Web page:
We live in a time of massive disorientation: the loss of unifying narratives, loss of faith in institutions, a renegotiation around truth (what is true and who decides), a clash between the religious nationalism of Islam, Christianity, and Judaism, and a host of new technologies that are transforming virtually all of our relationships in a short time. We’re going on decades of this kind of disorientation building up steam within our culture.
Most people react to the disorientation in one of two ways: Cynicism or Sentimentality.
The cynic looks at the world and says love is impossible. Self-interest has overpowered virtue. Selfishness is really what motivates people. Oscar Wilde said: “A cynic is a man who knows the price of everything, and the value of nothing.” The cynic can be terribly pessimistic, skeptical, and they make relationships painful.
The sentimentalist looks at the world and says love is everywhere. Even though love is obviously not everywhere. They attempt to ignore the dark side of everything and live on happy feelings. Oscar Wilde said: “A sentimentalist is simply one who wants to have the luxury of an emotion without paying for it.” Sentimentalism is a form of escapism… ignore the negative and life will work itself out. They make relationships shallow and thin.
Of course, the cynics and sentimentalists eventually end up in pretty much the same place: they both disengage from responsibility for the future. The cynic says, “everything’s terrible why bother to work for change?” The sentimentalist: says “Everything’s fine, so there’s no need to change.” Both approaches abandon the human call to co-create and shape our common life toward the kingdom of God.
During the season of Advent we try to open up a space between cynicism and sentimentality, and find a space for hope. Hope combines the best of cynicism (the ability to tell the truth about the world), and the best of sentimentality (this belief that the world is essentially good), and transforms them into action—a new way of being in the world.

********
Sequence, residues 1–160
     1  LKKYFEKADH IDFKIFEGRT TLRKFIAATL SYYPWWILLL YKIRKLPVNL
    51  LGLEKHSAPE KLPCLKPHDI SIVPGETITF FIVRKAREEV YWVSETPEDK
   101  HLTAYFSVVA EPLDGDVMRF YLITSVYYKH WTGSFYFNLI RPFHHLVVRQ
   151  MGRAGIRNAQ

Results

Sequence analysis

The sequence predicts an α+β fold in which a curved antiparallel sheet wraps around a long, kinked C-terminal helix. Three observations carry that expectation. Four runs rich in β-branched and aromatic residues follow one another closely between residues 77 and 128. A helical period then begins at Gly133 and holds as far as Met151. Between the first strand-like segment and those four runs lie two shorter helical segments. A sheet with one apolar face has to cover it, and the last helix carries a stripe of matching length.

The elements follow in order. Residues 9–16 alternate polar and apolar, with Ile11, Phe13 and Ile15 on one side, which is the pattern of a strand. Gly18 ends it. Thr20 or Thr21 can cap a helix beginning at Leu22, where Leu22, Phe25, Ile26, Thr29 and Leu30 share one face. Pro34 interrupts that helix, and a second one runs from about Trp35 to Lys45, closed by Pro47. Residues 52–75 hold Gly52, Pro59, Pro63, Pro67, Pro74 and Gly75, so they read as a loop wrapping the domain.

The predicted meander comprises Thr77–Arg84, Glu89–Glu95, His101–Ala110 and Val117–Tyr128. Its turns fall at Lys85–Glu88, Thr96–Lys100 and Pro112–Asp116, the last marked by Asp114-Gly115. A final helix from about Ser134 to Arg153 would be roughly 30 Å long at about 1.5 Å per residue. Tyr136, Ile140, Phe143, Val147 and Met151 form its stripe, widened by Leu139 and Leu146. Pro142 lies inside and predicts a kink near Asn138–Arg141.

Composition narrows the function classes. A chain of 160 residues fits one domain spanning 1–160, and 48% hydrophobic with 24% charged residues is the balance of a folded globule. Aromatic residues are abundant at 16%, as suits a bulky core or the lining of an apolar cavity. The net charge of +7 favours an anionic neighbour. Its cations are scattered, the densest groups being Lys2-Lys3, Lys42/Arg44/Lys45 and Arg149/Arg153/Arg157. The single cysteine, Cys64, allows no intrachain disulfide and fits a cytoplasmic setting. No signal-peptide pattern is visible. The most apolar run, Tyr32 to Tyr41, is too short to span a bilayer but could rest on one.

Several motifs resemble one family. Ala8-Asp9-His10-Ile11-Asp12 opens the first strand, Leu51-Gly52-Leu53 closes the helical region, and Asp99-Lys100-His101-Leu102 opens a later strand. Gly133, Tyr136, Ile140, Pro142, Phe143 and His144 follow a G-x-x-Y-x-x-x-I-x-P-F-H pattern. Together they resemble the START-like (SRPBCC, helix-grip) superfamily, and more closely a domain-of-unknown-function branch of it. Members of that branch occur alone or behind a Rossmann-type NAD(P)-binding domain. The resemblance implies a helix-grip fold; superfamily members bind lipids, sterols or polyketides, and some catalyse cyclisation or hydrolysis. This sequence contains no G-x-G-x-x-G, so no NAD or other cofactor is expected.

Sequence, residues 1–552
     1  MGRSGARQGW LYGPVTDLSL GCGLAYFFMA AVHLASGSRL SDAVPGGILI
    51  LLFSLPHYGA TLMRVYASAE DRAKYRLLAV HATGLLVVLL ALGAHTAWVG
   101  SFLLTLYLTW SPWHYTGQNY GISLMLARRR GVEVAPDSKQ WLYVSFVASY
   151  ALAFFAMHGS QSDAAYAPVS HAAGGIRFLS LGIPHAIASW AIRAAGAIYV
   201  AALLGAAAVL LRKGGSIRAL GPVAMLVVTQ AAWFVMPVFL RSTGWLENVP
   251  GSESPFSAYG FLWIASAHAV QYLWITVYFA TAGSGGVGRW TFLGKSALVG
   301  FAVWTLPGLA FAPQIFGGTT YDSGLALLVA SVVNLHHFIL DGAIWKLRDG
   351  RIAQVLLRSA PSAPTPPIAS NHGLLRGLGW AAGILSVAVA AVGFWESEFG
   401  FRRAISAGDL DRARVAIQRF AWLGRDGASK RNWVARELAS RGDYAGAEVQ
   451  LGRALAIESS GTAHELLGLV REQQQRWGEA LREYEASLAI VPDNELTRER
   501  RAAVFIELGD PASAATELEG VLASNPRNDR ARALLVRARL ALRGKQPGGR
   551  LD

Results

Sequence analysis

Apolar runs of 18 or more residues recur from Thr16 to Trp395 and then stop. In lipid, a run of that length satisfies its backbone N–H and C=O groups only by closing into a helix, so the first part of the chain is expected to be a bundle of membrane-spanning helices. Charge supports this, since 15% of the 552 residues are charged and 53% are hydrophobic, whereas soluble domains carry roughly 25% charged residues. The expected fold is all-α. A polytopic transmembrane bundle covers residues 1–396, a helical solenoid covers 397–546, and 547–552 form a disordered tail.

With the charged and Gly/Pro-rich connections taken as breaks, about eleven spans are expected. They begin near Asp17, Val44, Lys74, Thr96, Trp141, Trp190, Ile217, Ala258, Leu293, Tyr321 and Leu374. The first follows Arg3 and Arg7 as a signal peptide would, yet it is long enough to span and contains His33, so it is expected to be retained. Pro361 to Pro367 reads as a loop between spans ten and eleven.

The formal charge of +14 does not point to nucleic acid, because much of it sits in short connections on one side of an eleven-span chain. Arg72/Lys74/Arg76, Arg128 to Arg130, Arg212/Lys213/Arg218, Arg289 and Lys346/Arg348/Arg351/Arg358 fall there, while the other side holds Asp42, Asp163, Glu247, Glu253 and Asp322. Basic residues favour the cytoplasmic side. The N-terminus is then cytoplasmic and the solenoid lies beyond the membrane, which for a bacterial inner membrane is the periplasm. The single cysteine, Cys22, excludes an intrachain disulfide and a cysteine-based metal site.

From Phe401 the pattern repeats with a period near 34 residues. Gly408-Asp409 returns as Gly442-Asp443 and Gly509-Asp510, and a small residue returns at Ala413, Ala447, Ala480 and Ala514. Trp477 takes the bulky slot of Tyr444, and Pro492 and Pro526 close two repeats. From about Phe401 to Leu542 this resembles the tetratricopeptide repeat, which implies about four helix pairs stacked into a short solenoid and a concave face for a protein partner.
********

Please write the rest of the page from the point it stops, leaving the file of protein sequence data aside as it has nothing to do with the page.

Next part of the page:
Hope is able to say: although things are broken, they won’t always be.
That’s hope: although things are broken, they won’t always be, so let’s get on with life and stick together. Jesus taught us to pray, “thy kingdom come… on earth as it is in heaven,” and heaven hopes. We are meant to be conduits of hope. Hopeful people make relationships deep, rich, wholesome, and regenerative.
There’s an old Native American proverb I love:
The old man confessed to his grandson, “There are two wolves inside of me: one is good, and generous, and filled with hope, the other is angry, cynical, and despairing. They are constantly fighting within me.”
“Which wolf wins,” the wide-eyed grandson asked?
“Whichever wolf I feed.”
My wish for you this Advent is that you will take the days and weeks between now and Christmas to intentionally open up space within your life for hope to grow and flourish. That you will feed the hope-wolf and reject cynicism and sentimentality.